Finland's foreign minister on Friday backpedalled
on comments he made about the break-up of the eurozone, as other
officials also hit back amid concern that the currency bloc's debt
crisis could flare up again.
The political dust-up did not appear to immediately spook financial markets, buoyed by German Chancellor Angela Merkel's backing of the European Central Bank (ECB) in its insistence that troubled eurozone countries will not receive unconditional aid.
In an interview with Britain's Daily Telegraph newspaper, Foreign Minister Erkki Tuomioja said that there was a need to "face openly the possibility of a euro break-up."
While insisting that no one in Finland is advocating such a scenario, Tuomioja said that "it could make the EU function better" - predicting that the break-up of the 17-member currency bloc would not spell the end of the wider 27-member union.
Finland's minister for European affairs, Alexander Stubb swiftly rejected Tuomioja's statements.
"I don't think we should be playing with fire here and suggesting the breakup of the euro," Stubb told the broadcaster CNBC. "Scenario number one for the Finnish government is that the euro will continue."
A spokesman for the European Commission in Brussels also insisted that "the euro is irreversible."
"The commission is not working on the split of the euro area, nor on contingency plans or Grexits or any other scenario that would leave one country out of the euro area," Olivier Bailly said. "Our duty is to focus only on the preservation of the euro integrity."
Tuomioja defended himself by telling the broadcaster YLE that what he had stated was self-evident, arguing that "in an uncertain situation, all ministries consider whether such a thing could happen, that the euro would fall apart."
But he also accused the Telegraph of using a misleading headline by titling the article "Finland prepares for break-up of eurozone."
The timing of his comments surprised observers, given that the crisis-battered eurozone has been enjoying a few weeks with lesser pressure from financial markets.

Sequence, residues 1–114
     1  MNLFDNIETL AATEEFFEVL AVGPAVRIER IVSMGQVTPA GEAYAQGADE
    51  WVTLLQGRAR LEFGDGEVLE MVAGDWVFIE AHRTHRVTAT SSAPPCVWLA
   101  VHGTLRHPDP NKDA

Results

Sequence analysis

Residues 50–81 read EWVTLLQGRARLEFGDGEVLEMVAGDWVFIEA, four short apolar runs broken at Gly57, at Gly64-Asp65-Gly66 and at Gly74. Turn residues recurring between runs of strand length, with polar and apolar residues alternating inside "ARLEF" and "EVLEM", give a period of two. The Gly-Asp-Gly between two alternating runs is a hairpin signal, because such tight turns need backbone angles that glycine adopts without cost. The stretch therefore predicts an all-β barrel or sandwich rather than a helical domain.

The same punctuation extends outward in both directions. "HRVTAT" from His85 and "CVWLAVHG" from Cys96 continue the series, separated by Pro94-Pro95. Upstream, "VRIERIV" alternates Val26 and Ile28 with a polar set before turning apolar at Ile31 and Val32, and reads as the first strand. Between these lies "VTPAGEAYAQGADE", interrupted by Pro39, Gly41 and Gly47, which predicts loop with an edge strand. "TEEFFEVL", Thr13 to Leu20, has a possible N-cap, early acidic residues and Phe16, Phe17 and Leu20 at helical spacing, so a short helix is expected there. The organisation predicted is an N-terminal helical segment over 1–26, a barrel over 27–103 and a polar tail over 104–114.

"Why is he saying it now, when the market sentiment about what is happening in the eurozone is improving?" asked Karel Lannoo of the Center for European Policy Studies, a Brussels-based think-tank.
Political communication, he said, "has been the biggest weakness over the last two-and-a-half years of the euro crisis."
Finland had raised eyebrows last month too, after appearing to backtrack on crisis-fighting measures agreed at a high-profile summit that had initially reassured the markets.
Austria on Friday also joined the fray, after its foreign minister, Michael Spindelegger, argued in an interview that eurozone members should be allowed to eject a country if it does not follow fiscal rules.
"If we had this rule, we'd already had to draw consequences," he said, answering a question about Greece's eurozone membership for the Kurier newspaper.
Spindelegger's stance is not government policy, Chancellor Werner Faymann said, warning that the negative consequences of a euro break-up would outweigh any benefits for individual countries.
Financial markets appeared to take Friday's bickering in stride, with the euro slumping to 1.23 dollars, but the blue-chip Eurostoxx 50 up 0.49 per cent by the end of the trading day.
Borrowing costs for Spain, meanwhile, were down by more than 1.25 per cent, with the interest for its 10-year bonds below 6.5 per cent for the first time in a month and a half.
Three weeks ago, they had soared to a record of over 7.7 per cent amid fears that Madrid would require a full-blown bailout.
They have been somewhat appeased by speculation that Spain is poised to ask for initial money from its bank bailout, and for the eurozone's bailout fund and the European Central Bank (ECB) to buy its sovereign bonds.
ECB chief Mario Draghi has indicated that the bank will not get involved unless any government needing help first turns to the bailout fund - thus having to agree to strict conditions in exchange for help.
Merkel was asked about Draghi's statements on Thursday during a trip to Canada.
She said recent decisions "have made it clear that the ECB is counting on political action in the form of conditionality as the precondition for a positive development of the euro."
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